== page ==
That is something that he has always wanted to be part of his brand. Even when he was voting for trade deals like NAFTA as a Senator, he was never really comfortable. He had the same ideological mindset as a lot of the Democrats in the eighties and the nineties. He did it because he saw that that was the way things were moving and he voted strategically. But, the stuff that fired him up was when he could side with workers. It is the same thing with the projects he took on under Obama when he was Vice President.
During the Democratic primary, he didn't get the same amount of labor support that Hillary Clinton did, but, Sanders didn't get it either. There wasn't the same sort of a landslide of labor to get in early and say, this is our candidate. Instead, they were demanding more of the candidates.
I would cover presidential primary events with the Teamsters in Cedar Rapids or the Building Trades in DC and you would kind of look to the level of applause as an indicator. The interesting thing is that at those events Sanders would lay out the things he did and what he wanted to pass. Biden would go on at length about non-compete clauses and about wage theft and things like that. It was less, "I have studied all of the papers on this and I've decided this is my policy," and more of "this seems unfair and I'm against this thing."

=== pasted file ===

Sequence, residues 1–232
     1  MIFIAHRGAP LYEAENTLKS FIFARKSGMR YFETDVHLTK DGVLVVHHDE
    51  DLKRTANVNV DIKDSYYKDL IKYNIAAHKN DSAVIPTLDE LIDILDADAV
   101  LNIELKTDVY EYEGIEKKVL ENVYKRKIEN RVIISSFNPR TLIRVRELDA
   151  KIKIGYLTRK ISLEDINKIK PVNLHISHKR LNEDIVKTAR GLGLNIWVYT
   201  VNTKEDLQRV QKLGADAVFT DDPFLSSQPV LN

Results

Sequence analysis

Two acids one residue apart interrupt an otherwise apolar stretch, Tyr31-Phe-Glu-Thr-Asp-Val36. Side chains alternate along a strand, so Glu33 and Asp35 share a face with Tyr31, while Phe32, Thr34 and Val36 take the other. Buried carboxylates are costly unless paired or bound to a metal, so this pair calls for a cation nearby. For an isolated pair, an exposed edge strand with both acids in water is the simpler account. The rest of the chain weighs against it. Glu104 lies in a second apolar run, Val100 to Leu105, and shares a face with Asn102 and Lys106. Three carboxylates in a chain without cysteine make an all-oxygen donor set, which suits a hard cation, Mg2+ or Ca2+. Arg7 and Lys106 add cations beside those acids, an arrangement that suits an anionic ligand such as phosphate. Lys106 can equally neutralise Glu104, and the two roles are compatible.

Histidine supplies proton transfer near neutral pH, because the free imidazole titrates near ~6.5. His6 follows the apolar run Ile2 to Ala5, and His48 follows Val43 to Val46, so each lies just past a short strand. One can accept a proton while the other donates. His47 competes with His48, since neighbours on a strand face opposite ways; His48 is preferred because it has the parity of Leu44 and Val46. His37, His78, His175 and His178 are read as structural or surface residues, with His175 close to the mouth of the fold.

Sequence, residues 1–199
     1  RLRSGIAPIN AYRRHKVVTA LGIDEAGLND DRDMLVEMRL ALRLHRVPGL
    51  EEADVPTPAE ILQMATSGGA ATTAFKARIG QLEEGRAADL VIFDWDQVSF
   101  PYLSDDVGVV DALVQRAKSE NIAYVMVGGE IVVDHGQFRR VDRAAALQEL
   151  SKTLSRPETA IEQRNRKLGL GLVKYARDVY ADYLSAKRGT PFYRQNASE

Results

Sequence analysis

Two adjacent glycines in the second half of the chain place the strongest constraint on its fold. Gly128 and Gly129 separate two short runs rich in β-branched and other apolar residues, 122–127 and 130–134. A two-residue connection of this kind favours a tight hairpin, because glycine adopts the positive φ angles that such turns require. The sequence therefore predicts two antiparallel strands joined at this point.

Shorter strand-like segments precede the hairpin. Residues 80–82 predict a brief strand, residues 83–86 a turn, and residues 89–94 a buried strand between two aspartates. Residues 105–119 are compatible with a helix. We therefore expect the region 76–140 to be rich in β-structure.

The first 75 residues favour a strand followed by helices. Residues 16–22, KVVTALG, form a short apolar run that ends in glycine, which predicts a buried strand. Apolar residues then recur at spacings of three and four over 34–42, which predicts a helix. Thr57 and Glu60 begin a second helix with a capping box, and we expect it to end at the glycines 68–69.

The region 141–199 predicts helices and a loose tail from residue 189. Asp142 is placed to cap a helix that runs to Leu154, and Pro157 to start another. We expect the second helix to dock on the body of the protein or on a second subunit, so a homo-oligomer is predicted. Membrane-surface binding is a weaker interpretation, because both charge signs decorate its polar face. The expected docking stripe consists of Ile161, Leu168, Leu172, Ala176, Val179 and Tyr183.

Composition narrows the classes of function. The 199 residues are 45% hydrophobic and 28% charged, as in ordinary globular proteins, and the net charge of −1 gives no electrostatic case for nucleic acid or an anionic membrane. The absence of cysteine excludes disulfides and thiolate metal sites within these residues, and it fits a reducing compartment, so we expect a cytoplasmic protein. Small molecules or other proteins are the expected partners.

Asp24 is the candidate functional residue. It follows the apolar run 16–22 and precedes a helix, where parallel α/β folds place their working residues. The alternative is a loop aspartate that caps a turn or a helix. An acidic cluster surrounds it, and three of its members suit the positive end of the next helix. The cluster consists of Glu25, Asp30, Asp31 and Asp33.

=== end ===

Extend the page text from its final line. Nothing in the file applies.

I think the Democratic Party is increasingly understanding what labor can mean for them strategically.
Republicans have gotten kind of tangled up on labor. They have done better with union households, but they are basically the party of deregulation still. They've never really moved on the labor part of their messaging. That makes it easier for Biden to compete for these workers. When it comes down to it, Republicans want “right-to-work." Josh Hawley, who branded himself as a working-class candidate, for example, supports a national right-to-work.
Biden was very concerned with winning back more union households. Union workers were saying, “Democrats had the presidency for 16 years. What do they do for us?” Biden didn't have all the answers that labor wanted, but he was making a lot of specific promises about how he was going to act. He talked about infrastructure spending and about how he was going to run the NLRB and how he was going to approach employers. It was less than Sanders did, but that's way more than Democrats had done in the past.